Western Digital Stock Is Slipping. Earnings Were a Blowout.

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In late trading, Western Digital stock is off 0.7%, at $64.51.

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Western Digital

stock is trading lower late Wednesday despite reporting better-than-expected results for the fiscal fourth quarter ended June 30 and providing strong guidance for the September quarter.

In late trading, Western Digital stock (ticker: WDC) is off 0.7%, at $64.51.

For the June quarter, Western Digital posted revenue of $4.9 billion, up 19% from a year ago, and well above the Street consensus forecast at $4.5 billion. The maker of disk drives and flash memory posted non-GAAP profits of $2.16 a share, ahead of the Street estimate for $1.49 a share and up from $1.02 a share a year earlier.

Under generally accepted accounting principles, the company earned $1.97 a share, up from 63 cents a year earlier. Non-GAAP gross margin expanded to 32.9% from 27.7% a year earlier, on stronger pricing.

The company said client-devices revenue was up 13% from a year ago, and 8% sequentially, to $2.2 billion, driven by strong demand for notebook and desktop hard drives. Data-center devices’ revenue totaled $1.8 billion, up 6% from a year ago and 44% higher than the March quarter, as enterprise demand picked up. Client solutions revenue was $977 million, up 42% from a year ago, and 10% sequentially, as add-on storage products sold through retail and other channels increased.

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For the September quarter, Western Digital sees revenue ranging from $4.9 billion to $5.1 billion, with non-GAAP profits of $2.25 to $2.55 a share, and non-GAAP gross margin increasing 33% to 35%. Street consensus had called for $4.9 billon in revenue and profits of $2 a share.

“I am extremely proud of the outstanding execution our team exhibited as we achieved another quarter of strong revenue, gross margin and EPS results above expectations,” CEO David Goeckeler said in a statement. “Throughout this fiscal year, we successfully delivered both flash and hard drive innovations that are essential building blocks in the acceleration of the data economy…. We believe we have the right foundation for success—the right products, the right customer base, and the unique ability to address two very large and growing markets.”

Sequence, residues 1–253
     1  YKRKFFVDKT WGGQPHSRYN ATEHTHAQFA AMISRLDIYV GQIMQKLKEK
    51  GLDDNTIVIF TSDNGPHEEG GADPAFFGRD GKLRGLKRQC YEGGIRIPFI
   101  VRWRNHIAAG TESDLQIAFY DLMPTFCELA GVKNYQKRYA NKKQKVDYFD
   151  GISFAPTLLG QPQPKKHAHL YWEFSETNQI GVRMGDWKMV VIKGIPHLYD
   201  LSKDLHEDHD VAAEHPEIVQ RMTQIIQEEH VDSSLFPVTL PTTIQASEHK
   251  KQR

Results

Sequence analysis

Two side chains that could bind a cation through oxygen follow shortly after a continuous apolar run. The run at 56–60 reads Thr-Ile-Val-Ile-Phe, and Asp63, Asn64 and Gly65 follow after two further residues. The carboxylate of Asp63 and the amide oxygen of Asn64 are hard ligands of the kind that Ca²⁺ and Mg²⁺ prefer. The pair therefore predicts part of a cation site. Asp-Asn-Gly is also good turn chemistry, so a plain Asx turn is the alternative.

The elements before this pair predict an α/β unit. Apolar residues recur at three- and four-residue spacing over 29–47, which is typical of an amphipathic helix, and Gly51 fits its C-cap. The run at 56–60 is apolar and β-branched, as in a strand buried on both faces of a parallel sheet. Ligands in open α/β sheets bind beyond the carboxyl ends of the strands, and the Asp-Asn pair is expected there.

In an interview with Barron’s, Goeckeler noted that the company has reached a full rollout of its energy-assisted 18 terabyte drives, which have been enthusiastically received by cloud customers in particular. He said that the company saw 49% sequential growth in cloud storage, and that the drives have been adopted by “all of the largest data-center operators in the world.”

The company also saw strong demand for flash-based solid-state drives used by cloud customers, with 39% sequential growth in that business.

Goeckeler said that “blended” flash memory pricing was up about 7% sequentially, reflecting continued tight supply. And he said that average pricing also improved in the hard-drive business, aided by increased demand for larger drives with higher margins.

The CEO added that the additional demand from cryptocurrency farmers the company saw one quarter ago has moderated, but that the company is monitoring the situation closely. More important demand drivers, he said, include continue strong sales to cloud customers and increased activity from enterprise customers for on-premises applications as offices start to reopen and IT spending picks up.

Meanwhile, Goeckeler said that logistics costs have trimmed gross margins by 1.2 to 1.3 percentage points, reflecting both higher shipping costs and some parts shortages. He said the company probably could have shipped more products if it had more parts.

Write to Eric J. Savitz at eric.savitz@barrons.com

William Murphy

William Murphy

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